I haven’t written about my OCD a lot because, until last September, I didn’t even officially know I had OCD. That’s because, as my psychiatrist put it: “It’s hard to tell where one of your anxiety disorders end and the others begin.” However, once I finally got diagnosed, so many things made sense – one of them being this next (poorly illustrated!) story I’m about to tell you. Continue reading “My Mortal Enemy: Four Nut Muesli (Or, What OCD Really Looks Like)”
On Friday, I did something I would have never dreamed of doing even a few years ago – I spoke. Publicly. About my anxiety. It was only in front of maybe 30 people; all people (women and girls) I knew, from my own church. Even though this was a fairly comfortable place to start my public speaking career (lol, no), I was of course still very anxious. Continue reading ““Do You Still Have Panic Attacks””
The first time I heard the song “No Longer Slaves” was when my husband was interviewing at a new church two years ago, and we went to visit one of their services. Although we didn’t end up at that church, we really enjoyed their worship – and I soon realized that “No Longer Slaves” was a popular song. Although I liked the song and sang along, something felt very off to me – though I couldn’t pinpoint it just yet.
Ah, dental anxiety. Four years ago, I wrote a post called The Bravest Twenty-Two Year Old At The Dentist. I had to get my first ever filling. Most people have had at least one by the time their an adult – it’s just life. However, I guess I was lucky up until that point (or brushed my teeth super well?) because now I have to get another one (or two). And I’m scared. Again.
If you suffer from anxiety, you have probably wondered at some point how to stop a panic attack. Panic attacks are often one of the most frustrating things that anxiety-sufferers have to deal with.
Even if you don’t have panic disorder (i.e. seemingly random panic attacks that happen unexpectedly), most anxiety sufferers have panic attacks associated with known triggers (phobias, triggers relating to OCD or PTSD, etc.)
For the first time in my life, I actually have some control over my panic attacks. This is due to a lot of therapy, learning to recognize a panic attack for what it is, and practicing coping mechanisms until they become second nature.
On March 14th, 2018, my husband and I gained possession of our first ever house. Now, if you’ve been following my blog for a while, you know that although this was our first owned house, it was definitely NOT the first place we lived. Continue reading “Happy Housiversary! What One Year In The Same Place Has Taught Me”
Although this quote about is a ‘travel quote,’ I think it works so well for those of us journeying (get it?!) with mental health issues.
Over the summer, I took the tiny step to simply talk to my doctor about an anxiety clinic I had heard about from someone from my church.
And that turned into a referral to the clinic, a consultation, two months of CBT, psychiatrist check-ups, which helped give me the courage to go through with other medical tests I needed to get done.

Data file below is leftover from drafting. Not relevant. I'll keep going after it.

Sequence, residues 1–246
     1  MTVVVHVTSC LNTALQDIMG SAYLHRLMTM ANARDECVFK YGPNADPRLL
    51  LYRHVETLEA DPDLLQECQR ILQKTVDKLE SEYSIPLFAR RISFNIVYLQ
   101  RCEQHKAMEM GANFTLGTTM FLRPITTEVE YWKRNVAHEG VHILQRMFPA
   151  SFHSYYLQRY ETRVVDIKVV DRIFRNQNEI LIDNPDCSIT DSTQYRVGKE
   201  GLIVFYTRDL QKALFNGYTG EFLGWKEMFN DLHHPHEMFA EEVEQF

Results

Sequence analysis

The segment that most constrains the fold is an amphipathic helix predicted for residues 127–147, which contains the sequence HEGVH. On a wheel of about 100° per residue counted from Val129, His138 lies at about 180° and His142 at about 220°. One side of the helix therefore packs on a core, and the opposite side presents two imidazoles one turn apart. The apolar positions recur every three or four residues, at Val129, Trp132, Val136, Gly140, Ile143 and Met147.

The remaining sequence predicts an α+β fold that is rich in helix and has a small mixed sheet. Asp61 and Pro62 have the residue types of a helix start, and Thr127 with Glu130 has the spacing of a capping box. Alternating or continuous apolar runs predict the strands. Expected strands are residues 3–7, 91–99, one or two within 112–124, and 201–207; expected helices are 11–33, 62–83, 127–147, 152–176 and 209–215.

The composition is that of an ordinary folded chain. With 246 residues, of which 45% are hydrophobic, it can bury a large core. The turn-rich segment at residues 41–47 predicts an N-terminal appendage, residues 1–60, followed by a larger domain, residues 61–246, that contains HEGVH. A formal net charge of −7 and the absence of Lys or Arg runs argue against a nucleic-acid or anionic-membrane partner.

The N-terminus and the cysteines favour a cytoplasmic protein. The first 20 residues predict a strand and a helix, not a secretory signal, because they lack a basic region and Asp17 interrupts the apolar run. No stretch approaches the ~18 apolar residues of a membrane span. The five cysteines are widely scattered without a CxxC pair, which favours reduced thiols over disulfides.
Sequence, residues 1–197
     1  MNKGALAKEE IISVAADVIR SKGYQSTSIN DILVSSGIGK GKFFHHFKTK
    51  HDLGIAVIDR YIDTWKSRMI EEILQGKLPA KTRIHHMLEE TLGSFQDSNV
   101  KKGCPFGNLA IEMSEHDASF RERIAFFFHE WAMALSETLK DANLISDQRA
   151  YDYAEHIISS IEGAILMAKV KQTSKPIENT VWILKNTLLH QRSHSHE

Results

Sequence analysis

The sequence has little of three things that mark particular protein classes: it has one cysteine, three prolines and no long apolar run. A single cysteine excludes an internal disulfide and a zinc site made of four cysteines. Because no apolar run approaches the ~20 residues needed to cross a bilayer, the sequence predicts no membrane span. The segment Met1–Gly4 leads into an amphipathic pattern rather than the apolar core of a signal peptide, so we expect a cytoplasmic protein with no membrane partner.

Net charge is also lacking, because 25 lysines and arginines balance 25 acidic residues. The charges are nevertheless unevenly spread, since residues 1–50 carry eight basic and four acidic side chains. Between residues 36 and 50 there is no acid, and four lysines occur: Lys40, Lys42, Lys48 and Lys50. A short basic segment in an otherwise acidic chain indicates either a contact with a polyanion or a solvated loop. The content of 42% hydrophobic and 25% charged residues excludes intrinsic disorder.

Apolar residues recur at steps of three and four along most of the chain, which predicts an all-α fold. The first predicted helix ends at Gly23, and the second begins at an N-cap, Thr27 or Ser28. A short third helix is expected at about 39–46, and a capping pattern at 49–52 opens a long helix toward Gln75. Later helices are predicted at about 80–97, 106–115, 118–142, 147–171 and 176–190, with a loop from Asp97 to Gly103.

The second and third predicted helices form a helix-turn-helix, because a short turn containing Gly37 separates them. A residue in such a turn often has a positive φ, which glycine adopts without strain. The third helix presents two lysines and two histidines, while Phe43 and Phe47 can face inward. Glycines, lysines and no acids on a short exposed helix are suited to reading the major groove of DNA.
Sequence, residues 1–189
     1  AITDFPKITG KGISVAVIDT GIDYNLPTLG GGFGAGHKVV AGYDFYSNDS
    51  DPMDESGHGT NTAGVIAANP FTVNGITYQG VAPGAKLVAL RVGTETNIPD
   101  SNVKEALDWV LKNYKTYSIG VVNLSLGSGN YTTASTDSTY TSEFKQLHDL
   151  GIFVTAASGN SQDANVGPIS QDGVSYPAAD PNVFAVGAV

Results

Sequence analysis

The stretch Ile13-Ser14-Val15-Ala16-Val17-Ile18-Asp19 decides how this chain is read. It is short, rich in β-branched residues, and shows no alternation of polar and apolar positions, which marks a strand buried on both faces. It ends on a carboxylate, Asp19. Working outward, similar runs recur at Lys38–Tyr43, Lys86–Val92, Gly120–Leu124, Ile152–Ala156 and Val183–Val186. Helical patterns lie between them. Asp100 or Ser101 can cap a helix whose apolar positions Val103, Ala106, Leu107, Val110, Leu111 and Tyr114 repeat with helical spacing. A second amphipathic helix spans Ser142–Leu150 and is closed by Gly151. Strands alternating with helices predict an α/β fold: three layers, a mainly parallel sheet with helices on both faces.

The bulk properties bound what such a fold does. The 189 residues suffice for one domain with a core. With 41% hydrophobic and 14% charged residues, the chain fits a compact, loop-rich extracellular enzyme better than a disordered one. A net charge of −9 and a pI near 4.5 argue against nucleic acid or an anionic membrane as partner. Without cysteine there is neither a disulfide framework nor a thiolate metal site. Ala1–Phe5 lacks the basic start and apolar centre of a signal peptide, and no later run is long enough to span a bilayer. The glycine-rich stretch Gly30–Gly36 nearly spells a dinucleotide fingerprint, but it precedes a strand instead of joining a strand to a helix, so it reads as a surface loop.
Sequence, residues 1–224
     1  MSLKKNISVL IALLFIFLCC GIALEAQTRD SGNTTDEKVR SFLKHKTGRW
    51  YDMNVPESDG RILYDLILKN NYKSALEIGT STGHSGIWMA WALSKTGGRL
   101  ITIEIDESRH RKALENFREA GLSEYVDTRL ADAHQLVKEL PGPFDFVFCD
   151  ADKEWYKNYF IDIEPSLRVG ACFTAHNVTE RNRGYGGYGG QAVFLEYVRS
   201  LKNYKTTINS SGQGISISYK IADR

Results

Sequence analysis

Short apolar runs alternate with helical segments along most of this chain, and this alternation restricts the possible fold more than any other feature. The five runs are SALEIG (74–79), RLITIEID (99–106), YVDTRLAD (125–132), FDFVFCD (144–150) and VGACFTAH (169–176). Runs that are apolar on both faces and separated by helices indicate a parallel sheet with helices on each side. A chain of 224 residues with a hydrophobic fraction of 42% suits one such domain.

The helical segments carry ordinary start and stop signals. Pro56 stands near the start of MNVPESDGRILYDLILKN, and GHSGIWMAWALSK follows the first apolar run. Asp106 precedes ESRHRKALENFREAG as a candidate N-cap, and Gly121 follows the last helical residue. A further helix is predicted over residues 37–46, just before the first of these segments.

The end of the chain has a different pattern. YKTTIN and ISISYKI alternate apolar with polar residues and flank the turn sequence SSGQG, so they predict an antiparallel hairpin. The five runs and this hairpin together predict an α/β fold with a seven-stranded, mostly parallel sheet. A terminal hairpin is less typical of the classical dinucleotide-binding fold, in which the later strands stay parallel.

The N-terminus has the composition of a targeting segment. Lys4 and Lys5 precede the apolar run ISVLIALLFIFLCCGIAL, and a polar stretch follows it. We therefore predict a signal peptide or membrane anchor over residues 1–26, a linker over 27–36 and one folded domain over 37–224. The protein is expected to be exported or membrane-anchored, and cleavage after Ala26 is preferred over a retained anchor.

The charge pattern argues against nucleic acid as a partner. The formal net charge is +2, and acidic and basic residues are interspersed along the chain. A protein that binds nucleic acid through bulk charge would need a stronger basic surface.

I never thought that step would actually lead to anything. I’ve seen so many doctors, psychiatrists, psychologists, therapists, and specialists over the years. Nothing changed. But this time, it did lead to something – my own journey of a thousand miles.
I am feeling really encouraged lately.
That’s a new one for me.
Aside from my recent ranty post about Bell Let’s Talk, I haven’t blogged in almost 6 months. There are a few reasons for that, aside from writer’s block. First, I was re-evaluating what I wanted from this blog.
Second, I felt like I needed to do some aesthetic changes but not only had writer’s block, but also…creative (?) block. Third, my anxiety has been almost completely under control, which gives me very little to write about (yay?) However, after my brief hiatus, I am back! Continue reading “My Therapist Basically Dismissed Me, I Got a Camera Shoved Down My Throat and Other Stories”
So, I should probably acknowledge that I haven’t blogged in months. I don’t really have any good excuses except…major writer’s block, and the fact that I’m working more hours now, and my time management skills are clearly not up to par. Anywaaaay,
Today is Bell’s Let’s Talk Day – something that has really come into the spotlight over the last few years (Even Ellen is involved!) When you go to their landing page, you’ll be greeted with this headline:
“There are many ways you can show your support and help create a stigma-free Canada”
As someone who grew up with severe mental illnesses, I honestly thought I was completely alone. I thought I was the only person who experienced the world like I did. I didn’t even know what anxiety was until I was eventually diagnosed with it!
I was ashamed to talk about what was happening in my head. I constantly made excuses about why I couldn’t attend this or that because I didn’t feel comfortable admitting why I really couldn’t go to that party or why I stayed home from school for the third day in a row.
Now, I feel comfortable to be open and honest about most of my mental illnesses and what that not only looks like in my life, but how that affects those around me. 20 years ago, I didn’t even know what was wrong with me. All I knew was that something was extremely wrong.
If I was 7 years old today, I think I would have been diagnosed much earlier. I think my parents would have been better equipped to manage my illness. I think doctors wouldn’t have been so dismissive.
I’m glad we are working towards a “stigma-free Canada”
Me with Boomer, my first dog friend, circa 1993
When I was around a year old, my parents went away to the cottage with my mom’s siblings. There, I got to spend a week away with my first ever dog BFF – my aunt and uncle’s dog. After that, my poor parent’s realized what they were dealing with. Continue reading “To All The Dogs I’ve Loved Before: How Dogs Help With Anxiety”